N: Excellent answer because we often look at abstinence as this blanket issue. It’s a catch-all for sexually transmitted diseases, emotional distress and we don’t delve into as you say abstinence from what specifically.

B: Yeah, Neal I do because I’m often surprise that how people define abstinence and also it helps us take and we really listen, I always say this to my students at Stanford.

N: Uh huh.

B: We have two ears and one mouth so we can listen to our patients twice as much as we talk. So we really want to find where that person is, what they are doing and how to help them make the best choices for their own health.

N: What about deciding when to conceive? What types of questions should they be considering when it comes to ‘How many kids do we want to have?” “Where do we want to live?” “What about schools?” “How do we want to educate our child?” Above and beyond just a sexual reproductive health. What about the things that come after conceptions?

B: I’m so glad that you asked that. I think so many times you know we all focus on a symbol, like I give you an example many times people focus on the wedding but not the marriage that lasts a long time. Or they focus on the 24 or to maybe 48 hours of giving birth, but not the parenting. And so I think that so often we kind of forget the forest for the trees. And one of the things I talk to my patients about is “Talk to me a little bit about what you envision for your future. To envision children in your future, when do you envision that? What’s the family side that you’re thinking about? And what kind of lifestyle would you like to lead? Are you thinking about working fulltime, are you thinking about working part-time? Would your partner be involved or not involved? Do you have a partner? And what have you guys talked about together if you’re in the partnership about parenting. Because so often people make a lot of assumptions about their partner, what they want. And then all of a sudden they’re pregnant and then “Gee, well I wasn’t really thinking about that.” They find out maybe later on. So I think it’s really good to help foster open communication between partners and that’s one of the things that we do is help women start to think about it and maybe give them some ideas for how to bring up these very personal topics with their partners.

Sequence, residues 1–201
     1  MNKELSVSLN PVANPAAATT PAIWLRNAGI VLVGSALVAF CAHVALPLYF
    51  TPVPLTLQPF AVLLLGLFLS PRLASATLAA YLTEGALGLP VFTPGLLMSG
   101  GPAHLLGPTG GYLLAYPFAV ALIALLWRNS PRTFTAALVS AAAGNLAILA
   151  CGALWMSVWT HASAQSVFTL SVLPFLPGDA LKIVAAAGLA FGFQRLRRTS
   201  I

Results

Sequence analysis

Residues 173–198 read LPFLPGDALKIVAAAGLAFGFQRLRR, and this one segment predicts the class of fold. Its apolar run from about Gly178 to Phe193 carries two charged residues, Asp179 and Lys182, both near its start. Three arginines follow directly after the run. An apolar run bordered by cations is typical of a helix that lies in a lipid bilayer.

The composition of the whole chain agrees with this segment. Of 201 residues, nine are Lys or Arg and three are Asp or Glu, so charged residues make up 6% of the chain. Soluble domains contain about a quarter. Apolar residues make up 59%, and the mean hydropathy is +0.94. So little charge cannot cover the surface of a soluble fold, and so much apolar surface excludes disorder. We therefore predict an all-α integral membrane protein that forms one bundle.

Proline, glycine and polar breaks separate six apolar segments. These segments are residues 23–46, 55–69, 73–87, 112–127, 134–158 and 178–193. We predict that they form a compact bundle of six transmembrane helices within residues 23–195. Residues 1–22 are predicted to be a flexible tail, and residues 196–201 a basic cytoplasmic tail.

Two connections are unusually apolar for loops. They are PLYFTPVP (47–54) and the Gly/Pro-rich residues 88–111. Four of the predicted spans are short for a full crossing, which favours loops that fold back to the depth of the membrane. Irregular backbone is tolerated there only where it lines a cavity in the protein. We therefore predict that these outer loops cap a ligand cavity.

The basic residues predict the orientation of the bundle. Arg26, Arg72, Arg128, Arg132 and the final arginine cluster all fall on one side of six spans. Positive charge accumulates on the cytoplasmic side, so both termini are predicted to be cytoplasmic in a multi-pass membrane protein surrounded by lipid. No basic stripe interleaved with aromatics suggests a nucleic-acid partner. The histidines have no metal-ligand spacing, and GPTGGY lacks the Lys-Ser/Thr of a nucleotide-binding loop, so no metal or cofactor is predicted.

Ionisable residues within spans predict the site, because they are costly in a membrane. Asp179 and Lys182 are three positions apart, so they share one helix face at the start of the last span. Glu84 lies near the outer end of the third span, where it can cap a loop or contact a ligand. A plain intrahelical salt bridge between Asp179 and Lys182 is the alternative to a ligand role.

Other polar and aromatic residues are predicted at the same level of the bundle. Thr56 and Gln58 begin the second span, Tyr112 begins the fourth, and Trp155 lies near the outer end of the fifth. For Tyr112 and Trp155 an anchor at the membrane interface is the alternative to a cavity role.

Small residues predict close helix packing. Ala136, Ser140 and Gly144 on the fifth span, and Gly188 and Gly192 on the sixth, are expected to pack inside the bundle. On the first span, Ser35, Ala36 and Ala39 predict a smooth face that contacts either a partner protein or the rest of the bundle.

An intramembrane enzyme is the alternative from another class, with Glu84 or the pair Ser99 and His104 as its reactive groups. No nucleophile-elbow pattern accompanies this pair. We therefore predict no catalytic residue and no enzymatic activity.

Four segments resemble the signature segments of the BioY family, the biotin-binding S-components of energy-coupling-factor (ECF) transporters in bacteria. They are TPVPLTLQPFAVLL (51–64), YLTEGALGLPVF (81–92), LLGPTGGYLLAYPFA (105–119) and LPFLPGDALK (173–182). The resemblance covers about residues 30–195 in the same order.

N: Great. We’re here talking about women’s reproductive health. Now we all know about malpractice and we’ve heard horror stories about the wrong foot being amputated, that sort of thing. But the particularly disturbing stories that we hear are those concerning people dealing with women’s reproductive health. What types of questions should she ask a potential practitioner and what should she look for in those answers that an OBGYN is giving her?

B: Such a great question. I think that’s the most important thing is “trust.” And I think a lot that comes from your own gut and your own instinct. If you’re with healthcare provider and you’re talking to them, you’re picking up on a lot of signals from the office environment and somehow this person talks to you. Do they look you in the eye? Do you get a good feeling about them? Do you think you can trust them? When you ask questions and also well lot of question, any question, it really doesn’t matter.

N: Uh huh.

B: See how they answer it, are they respectful of you and where you’re at? Do they want to be a partner in your care with you? Are they talking to at your same level? And I think all of those things go to is this someone you feel comfortable with when you come to them with questions? I see myself and a lot of providers now, we see ourselves as partners in care as people who provide education, who dispel myths, and who help people make the best choices for them because again everybody comes from a different place. And we want to be listening, so we can say ‘Well based on what you’re telling me, this option might be better or that option might be better.’

N: You’ve been listening to Health Professional Radio, I’m your host Neal Howard. And we’ve been in studio today talking with Bard Dehn, Bayer spokesperson and Women’s Health Nurse Practitioner, award winning author and nationally recognized health expert. Now she holds a BS from Boston College, earned her Master’s Degree at University of California, San Francisco and she’s an in demand and very popular national speaker as I said on all aspects of women health not just reproductive health. She also lectures at Stanford and is a very frequent health expert in television, appearing on CBS, ABC, CNN and many, many others. And it’s been great having you here with us today on Health Professional Radio thank you so much Barb.

B: It’s a pleasure to be here. Thanks so much.

N: Thank you. Transcript and audio of this program are available at healthprofessionalradio.com.au and also at hpr.com and you can subscribe to our podcast on iTunes.